William: Hartman’s statement says that the cyclist was in the roadway when hit. He then suggested that the cyclist acted illegally. I have no doubt that riding on the sidewalk can be very dangerous without the appropriate precautions, but on a technical note, how is it illegal to be riding in the middle of the street?
I’d like Hartman to clarify the law about yielding and road access, and at what point the NHPD determines that it is illegal to ride in the street. If you step off the curb into a legal crosswalk and are hit one second later by a car, that’s probably illegal pedestrian behavior, but if you step off the curb to cross and get hit by a car 20 seconds later, isn’t the driver at fault?
The article implies the cyclist was hit immediately as he went into the street(which really is the only way unless he happened to be walking his bike because it only takes 2-3 seconds to cross the lane). He was hit because he was on the sidewalk and then suddenly not on the sidewalk. Had he been on the street, he most likely would have been seen by the motorist, and he would be more aware of cars coming. Yes this happened solely because he riding on the sidewalk and no, motorists are not responsible for everything that darts out in front of them if they’re following the law.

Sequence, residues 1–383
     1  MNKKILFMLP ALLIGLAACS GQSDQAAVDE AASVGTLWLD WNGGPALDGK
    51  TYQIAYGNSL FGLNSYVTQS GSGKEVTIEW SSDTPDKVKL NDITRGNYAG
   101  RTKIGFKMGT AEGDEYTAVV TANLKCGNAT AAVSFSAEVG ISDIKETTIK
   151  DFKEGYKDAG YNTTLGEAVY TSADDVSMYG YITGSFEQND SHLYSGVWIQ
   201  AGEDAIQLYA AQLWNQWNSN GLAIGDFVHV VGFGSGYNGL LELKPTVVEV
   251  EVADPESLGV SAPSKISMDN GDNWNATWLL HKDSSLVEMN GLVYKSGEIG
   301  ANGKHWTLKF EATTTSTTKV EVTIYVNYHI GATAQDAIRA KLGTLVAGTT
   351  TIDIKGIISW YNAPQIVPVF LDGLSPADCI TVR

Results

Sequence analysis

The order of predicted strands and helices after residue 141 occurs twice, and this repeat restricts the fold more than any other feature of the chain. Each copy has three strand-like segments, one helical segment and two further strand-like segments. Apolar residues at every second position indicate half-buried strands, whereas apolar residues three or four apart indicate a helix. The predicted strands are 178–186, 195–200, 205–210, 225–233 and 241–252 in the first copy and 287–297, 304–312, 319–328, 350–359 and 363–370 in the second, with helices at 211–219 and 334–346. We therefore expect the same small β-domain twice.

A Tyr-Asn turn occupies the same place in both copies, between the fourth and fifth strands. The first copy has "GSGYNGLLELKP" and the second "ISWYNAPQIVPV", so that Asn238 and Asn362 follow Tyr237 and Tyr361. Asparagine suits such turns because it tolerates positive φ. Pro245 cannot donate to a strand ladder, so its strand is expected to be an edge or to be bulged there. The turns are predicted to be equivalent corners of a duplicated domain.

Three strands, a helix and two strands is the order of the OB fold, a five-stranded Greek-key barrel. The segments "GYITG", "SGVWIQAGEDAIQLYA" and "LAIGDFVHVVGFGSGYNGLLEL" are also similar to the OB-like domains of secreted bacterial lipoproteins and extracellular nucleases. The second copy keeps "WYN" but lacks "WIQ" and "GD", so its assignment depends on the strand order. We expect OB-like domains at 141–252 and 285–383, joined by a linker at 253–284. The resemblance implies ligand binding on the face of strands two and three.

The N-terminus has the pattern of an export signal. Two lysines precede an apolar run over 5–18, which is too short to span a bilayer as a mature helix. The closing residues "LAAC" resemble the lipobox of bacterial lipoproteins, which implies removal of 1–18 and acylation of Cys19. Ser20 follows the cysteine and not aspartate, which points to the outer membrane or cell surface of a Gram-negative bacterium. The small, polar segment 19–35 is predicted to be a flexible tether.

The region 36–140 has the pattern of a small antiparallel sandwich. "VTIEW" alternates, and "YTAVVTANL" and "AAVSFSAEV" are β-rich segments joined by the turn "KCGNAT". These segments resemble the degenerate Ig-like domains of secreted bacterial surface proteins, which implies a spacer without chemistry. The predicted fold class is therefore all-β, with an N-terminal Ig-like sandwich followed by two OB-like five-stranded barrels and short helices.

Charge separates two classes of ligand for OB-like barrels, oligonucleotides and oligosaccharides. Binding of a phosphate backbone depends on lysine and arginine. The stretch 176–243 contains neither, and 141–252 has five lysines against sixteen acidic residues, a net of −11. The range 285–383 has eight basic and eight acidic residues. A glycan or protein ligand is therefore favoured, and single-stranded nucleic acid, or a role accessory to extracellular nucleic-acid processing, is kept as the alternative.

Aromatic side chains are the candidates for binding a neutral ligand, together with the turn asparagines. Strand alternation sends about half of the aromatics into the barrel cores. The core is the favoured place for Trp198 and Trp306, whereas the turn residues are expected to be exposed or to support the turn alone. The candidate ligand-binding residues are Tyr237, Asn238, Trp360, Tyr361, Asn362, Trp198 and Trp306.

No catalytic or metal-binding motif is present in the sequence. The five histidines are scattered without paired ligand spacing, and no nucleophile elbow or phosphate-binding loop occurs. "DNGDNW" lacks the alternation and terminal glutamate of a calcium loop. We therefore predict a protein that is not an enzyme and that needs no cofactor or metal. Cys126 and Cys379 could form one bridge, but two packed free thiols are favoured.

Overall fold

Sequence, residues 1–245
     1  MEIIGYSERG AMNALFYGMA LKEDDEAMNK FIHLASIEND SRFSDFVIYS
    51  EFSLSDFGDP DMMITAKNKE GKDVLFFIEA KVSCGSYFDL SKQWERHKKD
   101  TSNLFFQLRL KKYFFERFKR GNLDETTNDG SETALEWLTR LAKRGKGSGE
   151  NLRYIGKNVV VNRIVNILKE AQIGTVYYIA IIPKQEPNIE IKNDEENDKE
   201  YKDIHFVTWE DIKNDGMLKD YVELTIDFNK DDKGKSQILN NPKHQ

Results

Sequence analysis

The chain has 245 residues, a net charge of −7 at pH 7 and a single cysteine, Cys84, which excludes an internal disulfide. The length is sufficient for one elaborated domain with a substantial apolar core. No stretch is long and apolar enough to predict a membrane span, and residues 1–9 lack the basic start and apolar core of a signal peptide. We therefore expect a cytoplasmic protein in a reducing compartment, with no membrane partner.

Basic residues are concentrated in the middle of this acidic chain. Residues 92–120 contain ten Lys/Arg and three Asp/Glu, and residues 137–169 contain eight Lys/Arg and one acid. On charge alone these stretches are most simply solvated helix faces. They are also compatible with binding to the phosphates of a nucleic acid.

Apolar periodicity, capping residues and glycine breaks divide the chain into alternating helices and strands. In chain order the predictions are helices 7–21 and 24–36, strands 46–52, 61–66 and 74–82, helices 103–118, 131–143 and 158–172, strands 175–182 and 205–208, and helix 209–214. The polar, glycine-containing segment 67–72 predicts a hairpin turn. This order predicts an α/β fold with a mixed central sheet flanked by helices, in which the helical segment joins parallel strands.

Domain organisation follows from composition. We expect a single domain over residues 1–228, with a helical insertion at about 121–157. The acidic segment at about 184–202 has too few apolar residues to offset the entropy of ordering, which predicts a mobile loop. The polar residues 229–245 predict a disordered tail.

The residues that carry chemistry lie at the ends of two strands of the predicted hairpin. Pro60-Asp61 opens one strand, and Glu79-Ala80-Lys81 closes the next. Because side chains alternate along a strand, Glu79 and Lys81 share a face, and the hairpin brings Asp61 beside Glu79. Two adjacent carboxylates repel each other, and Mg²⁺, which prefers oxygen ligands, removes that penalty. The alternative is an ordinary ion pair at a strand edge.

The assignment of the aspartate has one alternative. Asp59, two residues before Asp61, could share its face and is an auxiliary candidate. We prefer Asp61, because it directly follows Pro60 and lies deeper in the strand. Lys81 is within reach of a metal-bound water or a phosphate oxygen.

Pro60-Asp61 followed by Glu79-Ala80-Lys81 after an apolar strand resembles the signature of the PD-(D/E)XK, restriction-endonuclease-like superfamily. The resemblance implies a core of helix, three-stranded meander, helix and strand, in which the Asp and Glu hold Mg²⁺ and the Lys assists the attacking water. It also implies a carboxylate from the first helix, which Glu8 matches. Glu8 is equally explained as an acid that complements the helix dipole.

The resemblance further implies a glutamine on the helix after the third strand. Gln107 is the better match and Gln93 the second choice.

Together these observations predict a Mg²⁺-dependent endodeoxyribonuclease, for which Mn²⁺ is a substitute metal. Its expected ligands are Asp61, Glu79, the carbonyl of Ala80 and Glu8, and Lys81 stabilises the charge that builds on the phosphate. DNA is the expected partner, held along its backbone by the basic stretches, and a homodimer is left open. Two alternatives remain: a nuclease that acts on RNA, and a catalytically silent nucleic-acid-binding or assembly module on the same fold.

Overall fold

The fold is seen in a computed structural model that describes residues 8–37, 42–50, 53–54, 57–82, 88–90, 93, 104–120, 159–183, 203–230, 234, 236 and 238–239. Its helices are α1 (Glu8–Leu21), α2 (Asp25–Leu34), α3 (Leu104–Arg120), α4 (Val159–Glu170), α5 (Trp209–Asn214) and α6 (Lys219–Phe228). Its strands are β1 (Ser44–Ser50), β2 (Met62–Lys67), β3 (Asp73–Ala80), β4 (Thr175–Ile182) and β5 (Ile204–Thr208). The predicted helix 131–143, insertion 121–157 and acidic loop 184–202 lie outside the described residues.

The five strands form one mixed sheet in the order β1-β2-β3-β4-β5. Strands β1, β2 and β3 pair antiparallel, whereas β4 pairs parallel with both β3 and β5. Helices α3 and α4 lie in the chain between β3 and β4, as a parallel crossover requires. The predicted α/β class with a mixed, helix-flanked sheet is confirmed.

posted by: William Kurtz on September 5, 2013 7:56pm
Hartman has perhaps been less-than-artfully quoted. He seems to be citing sidewalk riding as a causal factor in this crash and he’s very likely correct. I was going to try to explain why; but I figured it would be easier for for me to Google that for you.
I found it interesting that you acknowledge that ” riding on the sidewalk can be very dangerous without the appropriate precautions”. That’s precisely the reason it’s often against the law in urban environments. As you’ve pointed out many times, people can’t be counted on the take the proper precautions.
As to the rest of your comment there’s no indication in the story about whether the rider was hit one second or twenty seconds after entering the intersection, so I don’t see what your rhetorical question has to do with it.